By Alejandra Rishton
When viewing the IVAW.org community through a feminist and anti-racist lens, one will find a positive and equal environment for people off all genders and colors. The content of the site allows for information to be collected that falls way out of the public discourse, enabling the most repressed voices of our time to speak. The victims of our permanent war economy are typically not afforded the luxury of Internet access, a reality that IVAW.org confronts daily. While IVAW.org cannot fix the issues of access for those living in warzones, they can allow for members to represent ideas that raise concern for the victims of war.
Iraq veteran’s themselves have been placed in a subordinate media position in the United States and elsewhere. They are misrepresented and under-represented in the dominant media structures. Only 1% of the US population serves in the military, and this leaves a gap in the understanding of most Americans that allows for the marginalization of veteran’s issues. Veteran’s today face homelessness and suicide on a scale that has never been recorded before. The mental health issues of men and women in service are not properly addressed by government that chooses to send them to war.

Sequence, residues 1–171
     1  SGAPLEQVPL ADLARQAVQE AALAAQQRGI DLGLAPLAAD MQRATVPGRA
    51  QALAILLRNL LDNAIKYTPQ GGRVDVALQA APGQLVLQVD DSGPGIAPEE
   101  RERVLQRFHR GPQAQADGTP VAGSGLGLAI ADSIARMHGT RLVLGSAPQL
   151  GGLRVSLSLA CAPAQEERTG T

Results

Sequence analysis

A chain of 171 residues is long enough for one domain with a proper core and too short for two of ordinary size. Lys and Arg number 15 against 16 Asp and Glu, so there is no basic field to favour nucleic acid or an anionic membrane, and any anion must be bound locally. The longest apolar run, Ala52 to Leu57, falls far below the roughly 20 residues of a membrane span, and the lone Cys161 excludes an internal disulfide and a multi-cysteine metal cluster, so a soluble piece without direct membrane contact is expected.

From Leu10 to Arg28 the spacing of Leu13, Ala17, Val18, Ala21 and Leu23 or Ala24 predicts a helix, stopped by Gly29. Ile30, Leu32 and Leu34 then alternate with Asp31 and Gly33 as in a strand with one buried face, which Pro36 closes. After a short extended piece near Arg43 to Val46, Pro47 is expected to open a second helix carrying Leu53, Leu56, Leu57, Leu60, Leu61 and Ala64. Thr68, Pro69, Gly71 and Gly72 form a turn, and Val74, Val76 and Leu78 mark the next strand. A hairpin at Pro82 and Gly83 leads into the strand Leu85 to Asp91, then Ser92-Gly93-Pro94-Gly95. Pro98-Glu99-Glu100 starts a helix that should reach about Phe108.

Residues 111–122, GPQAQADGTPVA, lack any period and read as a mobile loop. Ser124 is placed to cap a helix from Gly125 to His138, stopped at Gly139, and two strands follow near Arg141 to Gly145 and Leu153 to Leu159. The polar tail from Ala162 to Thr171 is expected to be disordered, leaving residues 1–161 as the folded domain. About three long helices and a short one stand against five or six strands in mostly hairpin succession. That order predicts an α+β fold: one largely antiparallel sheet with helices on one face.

The issues of women in the military, an even smaller minority of the US population, are represented greatly on the site. This site allows for a horizontal creation and management by all of its members, which has created a feminist and anti-racist space through the codification of the site. Good Job!